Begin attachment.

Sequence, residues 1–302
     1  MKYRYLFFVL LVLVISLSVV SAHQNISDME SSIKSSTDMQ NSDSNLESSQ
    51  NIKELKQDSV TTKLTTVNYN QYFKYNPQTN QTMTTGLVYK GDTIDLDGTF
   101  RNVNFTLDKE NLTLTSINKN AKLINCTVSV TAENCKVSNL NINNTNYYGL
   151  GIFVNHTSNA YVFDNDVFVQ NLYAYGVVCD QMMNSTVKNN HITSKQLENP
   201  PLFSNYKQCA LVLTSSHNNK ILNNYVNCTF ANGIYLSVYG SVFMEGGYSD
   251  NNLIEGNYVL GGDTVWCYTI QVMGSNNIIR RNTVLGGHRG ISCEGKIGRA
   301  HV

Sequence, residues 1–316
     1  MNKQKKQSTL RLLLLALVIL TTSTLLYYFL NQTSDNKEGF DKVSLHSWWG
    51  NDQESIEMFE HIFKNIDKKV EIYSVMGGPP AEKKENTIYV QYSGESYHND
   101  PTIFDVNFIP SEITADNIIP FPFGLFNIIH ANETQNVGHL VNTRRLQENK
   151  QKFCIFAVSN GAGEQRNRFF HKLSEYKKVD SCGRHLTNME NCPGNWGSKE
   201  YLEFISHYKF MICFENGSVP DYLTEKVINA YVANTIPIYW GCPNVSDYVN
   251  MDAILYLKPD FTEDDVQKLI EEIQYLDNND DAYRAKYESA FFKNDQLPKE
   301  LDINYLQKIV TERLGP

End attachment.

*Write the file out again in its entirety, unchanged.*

Sequence, residues 1–302
     1  MKYRYLFFVL LVLVISLSVV SAHQNISDME SSIKSSTDMQ NSDSNLESSQ
    51  NIKELKQDSV TTKLTTVNYN QYFKYNPQTN QTMTTGLVYK GDTIDLDGTF
   101  RNVNFTLDKE NLTLTSINKN AKLINCTVSV TAENCKVSNL NINNTNYYGL
   151  GIFVNHTSNA YVFDNDVFVQ NLYAYGVVCD QMMNSTVKNN HITSKQLENP
   201  PLFSNYKQCA LVLTSSHNNK ILNNYVNCTF ANGIYLSVYG SVFMEGGYSD
   251  NNLIEGNYVL GGDTVWCYTI QVMGSNNIIR RNTVLGGHRG ISCEGKIGRA
   301  HV

Sequence, residues 1–316
     1  MNKQKKQSTL RLLLLALVIL TTSTLLYYFL NQTSDNKEGF DKVSLHSWWG
    51  NDQESIEMFE HIFKNIDKKV EIYSVMGGPP AEKKENTIYV QYSGESYHND
   101  PTIFDVNFIP SEITADNIIP FPFGLFNIIH ANETQNVGHL VNTRRLQENK
   151  QKFCIFAVSN GAGEQRNRFF HKLSEYKKVD SCGRHLTNME NCPGNWGSKE
   201  YLEFISHYKF MICFENGSVP DYLTEKVINA YVANTIPIYW GCPNVSDYVN
   251  MDAILYLKPD FTEDDVQKLI EEIQYLDNND DAYRAKYESA FFKNDQLPKE
   301  LDINYLQKIV TERLGP